Ted Simons: So the progression of the disease not necessarily food all that much.
Marwan Sabbagh: There's not a lot of evidence to support that, no.
Ted Simons: OK. Let's get to the food now. What constitutes a brain-boosting recipe?
Marwan Sabbagh: A brain hitch boosting recipe I think you really have to be looking at what I think Chef Bo did, and I want to tell you in the book I wrote the science and then I had the opportunity to meet with a team up with celebrity Chef Bo McMillian from sanctuary who took my theme and recipe list, ingredient list and came up with the recipes. One of the things I love about what he did, he created a Brain-Boosting Broth, which is a reduction stock which is wound into many, many recipes full of spices, full of vegetables, really terrific.
Ted Simons: That's interesting. What's in the stock?
Marwan Sabbagh: It has onions and fennel, it has a lot of clove, it has some other like tumeric and other things. We know the antioxidants -- spices have a lot of antioxidant properties like Tumeric, Clove, Oregano, Thyme, Rosemary, so -- And it's low in saturated fat. One of the things I want to emphasize is the fact saturated fat seems to be a bad thing for the brain.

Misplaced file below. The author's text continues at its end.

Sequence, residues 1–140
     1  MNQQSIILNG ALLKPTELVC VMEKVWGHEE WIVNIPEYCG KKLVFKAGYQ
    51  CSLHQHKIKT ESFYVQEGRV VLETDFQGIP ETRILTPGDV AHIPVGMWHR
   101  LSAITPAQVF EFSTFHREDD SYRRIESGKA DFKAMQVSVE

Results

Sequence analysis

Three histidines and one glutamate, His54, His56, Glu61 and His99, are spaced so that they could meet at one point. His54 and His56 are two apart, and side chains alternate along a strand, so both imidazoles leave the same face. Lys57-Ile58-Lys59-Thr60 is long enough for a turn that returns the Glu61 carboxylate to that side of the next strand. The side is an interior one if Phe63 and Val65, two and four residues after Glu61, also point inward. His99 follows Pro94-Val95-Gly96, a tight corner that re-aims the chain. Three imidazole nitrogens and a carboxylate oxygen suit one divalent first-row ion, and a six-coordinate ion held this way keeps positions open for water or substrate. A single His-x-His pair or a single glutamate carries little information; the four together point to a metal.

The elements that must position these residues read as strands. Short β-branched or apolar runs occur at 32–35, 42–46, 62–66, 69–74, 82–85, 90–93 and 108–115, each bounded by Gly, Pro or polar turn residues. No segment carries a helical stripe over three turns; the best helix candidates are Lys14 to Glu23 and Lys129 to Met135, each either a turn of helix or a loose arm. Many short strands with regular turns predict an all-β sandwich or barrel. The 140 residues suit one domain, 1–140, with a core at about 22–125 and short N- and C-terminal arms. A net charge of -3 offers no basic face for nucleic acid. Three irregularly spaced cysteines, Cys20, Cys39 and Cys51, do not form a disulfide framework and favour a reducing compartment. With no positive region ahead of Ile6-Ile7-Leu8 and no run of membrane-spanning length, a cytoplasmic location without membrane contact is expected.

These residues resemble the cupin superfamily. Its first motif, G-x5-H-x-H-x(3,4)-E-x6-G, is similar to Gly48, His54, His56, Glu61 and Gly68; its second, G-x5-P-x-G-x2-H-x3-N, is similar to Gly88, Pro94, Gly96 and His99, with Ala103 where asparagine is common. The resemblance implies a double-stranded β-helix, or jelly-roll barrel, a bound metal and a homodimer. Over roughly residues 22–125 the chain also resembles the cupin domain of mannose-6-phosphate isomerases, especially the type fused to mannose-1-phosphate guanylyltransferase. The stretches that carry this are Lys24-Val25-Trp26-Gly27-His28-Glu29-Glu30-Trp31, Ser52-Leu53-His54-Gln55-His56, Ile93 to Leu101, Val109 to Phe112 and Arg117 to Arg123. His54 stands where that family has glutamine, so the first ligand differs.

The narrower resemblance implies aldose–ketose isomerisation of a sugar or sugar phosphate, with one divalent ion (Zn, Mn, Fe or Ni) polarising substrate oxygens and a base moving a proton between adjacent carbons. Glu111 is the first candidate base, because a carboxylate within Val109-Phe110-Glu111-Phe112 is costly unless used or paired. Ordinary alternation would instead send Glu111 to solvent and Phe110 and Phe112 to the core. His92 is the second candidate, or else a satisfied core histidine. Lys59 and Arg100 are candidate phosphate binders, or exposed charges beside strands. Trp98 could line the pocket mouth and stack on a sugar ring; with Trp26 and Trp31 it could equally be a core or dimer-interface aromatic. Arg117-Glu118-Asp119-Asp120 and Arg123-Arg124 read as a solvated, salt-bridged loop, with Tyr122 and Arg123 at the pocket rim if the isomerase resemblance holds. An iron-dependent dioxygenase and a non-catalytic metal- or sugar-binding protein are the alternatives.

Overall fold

Ted Simons: Saturated fat includes --
Marwan Sabbagh: Red meat in particular. And so we know what is bad for the heart tends to also be bad for the brain. So high diets in saturated fat have been clearly shown to promote Alzheimer's changes.
Ted Simons: So rich in antioxidants, rich in anti-imflamatories—is that correct?
Marwan Sabbagh: Correct.
Ted Simons: Umm… Rich in Omega 3s, but not all fish?
Marwan Sabbagh: Not all fish. I wish I could say eating the frozen fish dinners would do the trick. But it's in fact you need Salmon, Tuna, Herring, Mackerel and hall but or the omega rich fish, and those are the ones we would recommend.
Ted Simons: But you also have to watch out for Tuna because of mercury poisoning.